|Architecture Style||Neoclassical Revival|
|Seat Information||Ludowici. The proposed constitutional amendment to create Long County provided that Ludowici serve as county seat. Incorporated in 1905, Ludowici was named for a German businessman who settled there and became successful manufacturing red clay roofing tiles.|
|County Area||403.5 Square Miles|
On Aug. 14, 1920, the General Assembly proposed a constitutional amendment to create Long County from Liberty County (Ga. Laws 1920, p. 48). In that year’s general election, Georgia voters ratified the proposed amendment on Nov. 2, 1920, which marks the date of Long County’s creation (although a state historical marker on the Long County courthouse grounds incorrectly cites the county’s creation as the day the legislative act proposing the constitutional amendment was approved).
According to the 1920 constitutional amendment, Long County’s boundaries were defined as:
Beginning at a point on the Altamaha River where the same is intersected by the county line between Liberty and McIntosh Counties; thence northeast and north along the aforesaid county line between McIntosh and Liberty to intersection thereof with South Newport River; and to the northwest corner of McIntosh County, at the point where said Liberty and McIntosh line is nearest the Atlantic Coast Line Railroad’s main line; thence a straight line northwestward to the main line of the Atlantic Coast Line Railroad at a point one-half mile southwest of said railroad’s depot at Lambert, Georgia (Post Office) and Walthourville Station; thence due north a straight line to the Walthourville and Smiley public road, north of Lambert, Georgia; thence northwestward a straight line to a point in the Ludowici and Hinesville public road three hundred (300) yards north of the residence of W. H. Devereaux in the 1756th G. M. District of Liberty County; thence northwestward a straight line to a point on the Roderick and Hinesville public road where same is intersected by the Walthourville public road from the southeast; thence west along the center of said Roderick and Hinesville public road a short distance to where the Walthourville public road leaves same towards the northwest; thence northwestwards along the center of said Walthourville public road past Gum Branch Post Office, old site to intersection thereof, with the Savannah public road or Beards Bluff public road about one and one-eighth (1 1-8) miles east of the Cross Roads School House; thence west along the center of said Savannah public road or Beards Bluff public road to where said Walthourville public road leaves same going northwest; thence along the center of said Walthourville public road to intersection of same with the Moody Bridge public road; thence northwards along the center of said Moody Bridge public road to the point where same crosses the Savannah and Southern Railroad right of way at Strain on said railroad and to the north line of said right of way; thence westward along the north line of the Savannah and Southern Railroad right of way to the first public road crossing at Lida depot on said railroad; thence westward along center of public road from Lida past Bear Branch School House to forks of said public road; and thence along the center of the northwest fork thereof, in a northwesterly direction to where said public road crosses the Liberty and Tattnall County line nearby and east of Hampton School House; thence southwards and south along the county line between Liberty and Tattnall to the Altamaha River and to the line between Liberty and Wayne Counties; thence southeast along the channel of said Altamaha River and along the county line between Liberty and Wayne to point of beginning.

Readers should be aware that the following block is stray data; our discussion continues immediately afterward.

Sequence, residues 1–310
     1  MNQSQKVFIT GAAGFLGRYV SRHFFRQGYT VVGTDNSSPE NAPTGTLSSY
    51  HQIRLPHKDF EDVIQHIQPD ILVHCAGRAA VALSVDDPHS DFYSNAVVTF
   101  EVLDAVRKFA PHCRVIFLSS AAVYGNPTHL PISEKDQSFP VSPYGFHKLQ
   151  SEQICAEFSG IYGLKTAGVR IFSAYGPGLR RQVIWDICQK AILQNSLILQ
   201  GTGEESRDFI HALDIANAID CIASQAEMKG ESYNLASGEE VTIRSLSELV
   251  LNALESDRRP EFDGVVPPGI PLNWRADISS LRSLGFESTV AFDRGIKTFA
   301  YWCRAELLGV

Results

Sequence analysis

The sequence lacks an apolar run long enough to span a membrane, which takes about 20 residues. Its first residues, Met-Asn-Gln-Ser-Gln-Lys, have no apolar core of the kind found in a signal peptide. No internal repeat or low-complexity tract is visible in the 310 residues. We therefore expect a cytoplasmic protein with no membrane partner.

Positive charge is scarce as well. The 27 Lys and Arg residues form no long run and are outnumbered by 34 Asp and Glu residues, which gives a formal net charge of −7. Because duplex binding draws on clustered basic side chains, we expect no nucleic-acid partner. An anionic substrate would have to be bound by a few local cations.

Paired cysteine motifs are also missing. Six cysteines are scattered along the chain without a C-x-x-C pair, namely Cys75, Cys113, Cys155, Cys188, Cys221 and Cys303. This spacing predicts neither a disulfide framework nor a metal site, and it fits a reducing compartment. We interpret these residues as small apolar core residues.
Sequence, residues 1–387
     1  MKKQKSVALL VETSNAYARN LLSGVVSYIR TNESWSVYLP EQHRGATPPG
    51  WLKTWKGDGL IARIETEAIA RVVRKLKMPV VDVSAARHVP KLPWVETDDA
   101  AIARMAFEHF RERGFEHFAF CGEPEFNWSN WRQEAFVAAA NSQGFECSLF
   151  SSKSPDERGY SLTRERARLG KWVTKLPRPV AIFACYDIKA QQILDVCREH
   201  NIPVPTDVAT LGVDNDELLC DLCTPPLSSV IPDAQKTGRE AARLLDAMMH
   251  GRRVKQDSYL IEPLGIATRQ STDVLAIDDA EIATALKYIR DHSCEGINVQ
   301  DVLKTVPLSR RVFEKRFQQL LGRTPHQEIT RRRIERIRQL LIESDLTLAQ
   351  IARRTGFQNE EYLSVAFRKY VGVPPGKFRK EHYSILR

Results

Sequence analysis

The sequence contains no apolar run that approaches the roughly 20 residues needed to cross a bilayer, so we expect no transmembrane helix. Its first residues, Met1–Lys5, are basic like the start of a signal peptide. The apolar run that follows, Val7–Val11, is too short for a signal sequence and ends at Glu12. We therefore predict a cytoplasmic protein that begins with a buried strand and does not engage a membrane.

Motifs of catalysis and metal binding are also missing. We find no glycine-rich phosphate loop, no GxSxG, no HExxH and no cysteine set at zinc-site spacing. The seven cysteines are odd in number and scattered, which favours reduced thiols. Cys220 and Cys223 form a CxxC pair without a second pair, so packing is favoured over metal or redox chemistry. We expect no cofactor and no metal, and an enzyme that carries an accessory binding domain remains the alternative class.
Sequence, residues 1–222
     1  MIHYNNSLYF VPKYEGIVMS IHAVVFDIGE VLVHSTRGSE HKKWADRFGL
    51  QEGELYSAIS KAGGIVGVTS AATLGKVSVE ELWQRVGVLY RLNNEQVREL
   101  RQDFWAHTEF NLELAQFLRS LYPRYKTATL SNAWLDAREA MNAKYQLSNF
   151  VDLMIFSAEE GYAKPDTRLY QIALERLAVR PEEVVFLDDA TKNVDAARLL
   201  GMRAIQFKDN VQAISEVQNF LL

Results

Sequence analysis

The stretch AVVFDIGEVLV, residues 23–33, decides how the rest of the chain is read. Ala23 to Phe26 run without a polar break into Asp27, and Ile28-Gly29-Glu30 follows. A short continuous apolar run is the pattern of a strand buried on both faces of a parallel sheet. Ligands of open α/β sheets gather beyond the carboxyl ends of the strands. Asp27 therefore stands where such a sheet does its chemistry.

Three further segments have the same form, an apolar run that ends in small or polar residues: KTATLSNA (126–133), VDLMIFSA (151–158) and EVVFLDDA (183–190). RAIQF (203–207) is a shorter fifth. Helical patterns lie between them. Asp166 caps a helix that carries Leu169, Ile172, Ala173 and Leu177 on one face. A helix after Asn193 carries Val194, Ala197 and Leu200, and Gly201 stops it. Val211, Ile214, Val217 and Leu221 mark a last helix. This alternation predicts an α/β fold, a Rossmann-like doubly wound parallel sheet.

Why was Long County created by constitutional amendment instead of an act of the General Assembly? In 1904, Georgia voters had approved a constitutional amendment limiting the number of counties in the state to 145. The next year, the General Assembly created eight new counties, bringing the total number to 145—the constitutional limit. Nevertheless, there was continuing pressure to create more counties. Beginning in 1906, lawmakers got around the 145-county limitation by creating new counties through constitutional amendments that were not subject to the limitation. By 1924, Georgia had 161 counties—16 of which had been created by constitutional amendment. On Jan. 1, 1932, Milton and Campbell counties merged with Fulton, leaving 159 counties. In 1945, Georgia voters ratified a new constitution—one which provided an absolute limit of 159 counties, with an additional provision that no new country could be created except through consolidation of existing counties.
Long County was named for Dr. Crawford Long, who in 1842 pioneered the use of anesthesia during surgery.
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|Legal Organ||Coastal Courier|
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